Donald Trump’s China Trade War Has Backfired on American Companies, Manufacturing
President Donald Trump’s US-China trade war created a manufacturing recession and cost American companies $1.7 trillion in their stock value, per the Federal Reserve Bank of New York and Columbia University.
Trump has said that he wants to transform the manufacturing sector in the United States into a superpower. He is mentioning it now and mentioned it in 2016 when he first ran for president. Trump argued that tariffs would shrink the US trade deficit and force companies to bring back manufacturing jobs to the United States.
However, it was Trump’s policies against China that sent the manufacturing industry into a recession according to ProPublica.
“Farmers, an important Trump political constituency, were compensated for the lost Chinese market with tens of billions of dollars in subsidies — more than the auto companies received during the last recession — and no obligation to repay them,” said ProPublica’s Lydia DePillis. “But manufacturers, faced with higher prices for imported parts, got nothing. That helped drive the sector into a recession — a December 2019 study estimated that the tariffs depressed manufacturing employment in sectors on which they fell most heavily.”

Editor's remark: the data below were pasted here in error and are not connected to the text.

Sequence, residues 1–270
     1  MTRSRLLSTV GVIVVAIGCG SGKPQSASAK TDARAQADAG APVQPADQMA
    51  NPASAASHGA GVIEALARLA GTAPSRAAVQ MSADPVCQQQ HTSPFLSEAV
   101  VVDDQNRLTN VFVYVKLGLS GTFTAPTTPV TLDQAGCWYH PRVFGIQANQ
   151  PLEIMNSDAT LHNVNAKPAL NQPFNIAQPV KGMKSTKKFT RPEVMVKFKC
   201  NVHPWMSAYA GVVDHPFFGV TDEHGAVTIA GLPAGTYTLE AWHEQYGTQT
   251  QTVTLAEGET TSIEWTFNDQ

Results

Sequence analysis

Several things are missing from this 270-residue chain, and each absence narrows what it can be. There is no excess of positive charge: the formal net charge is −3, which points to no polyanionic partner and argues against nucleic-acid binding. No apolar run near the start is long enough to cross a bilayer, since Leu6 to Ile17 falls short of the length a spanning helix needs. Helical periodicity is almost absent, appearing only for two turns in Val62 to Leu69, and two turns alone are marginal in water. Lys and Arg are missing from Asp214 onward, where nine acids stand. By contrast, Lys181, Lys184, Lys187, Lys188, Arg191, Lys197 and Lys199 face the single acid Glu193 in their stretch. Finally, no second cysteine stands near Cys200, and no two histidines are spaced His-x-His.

In July 2020, Michigan was down 66,500 manufacturing jobs from July 2019, per Politico. Ohio is down 48,000 manufacturing jobs over the same time period. US manufacturing as a whole is down 720,000 jobs since February.
“When Trump moved to impose tariffs on Chinese steel, aluminum and other products, that only served to accelerate the effect,” said Politico’s Eleanor Mueller. “Higher prices for imports have decreased demand, which — when combined with a global economic slowdown — contributed to depress manufacturing employment.”
“U.S. economic growth slowed, business investment froze, and companies didn’t hire as many people,” said the Washington Post’s Heather Long. “Across the nation, a lot of farmers went bankrupt, and the manufacturing and freight transportation sectors have hit lows not seen since the last recession. Trump’s actions amounted to one of the largest tax increases in years.”
Trump also wanted to close the gap in the United States’ trade deficit. The opposite happened. The services surplus declined and the goods deficit got larger.
“The U.S. goods trade deficit with China continued to grow, reaching a record $419.2 billion in 2018,” said Brookings. “By 2019, the trade deficit had shrunk to $345 billion, roughly the same level as 2016, largely as a result of reduced trade flows. It should be noted that, while the U.S. deficit with China decreased, its overall trade deficit did not. Trump’s unilateral tariffs on China diverted trade flows from China, causing the U.S. trade deficit with Europe, Mexico, Japan, South Korea, and Taiwan to increase as a result.”
After promising to create American manufacturing jobs and to narrow the trade deficit, Trump has failed miserably on both tasks and likely made China an even stronger power with his policies. The US economy also took a hit and DePillis agrees.
“The ultimate results of the phase one trade deal between China and the United States — and the trade war that preceded it — have significantly hurt the American economy without solving the underlying economic concerns that the trade war was meant to resolve.”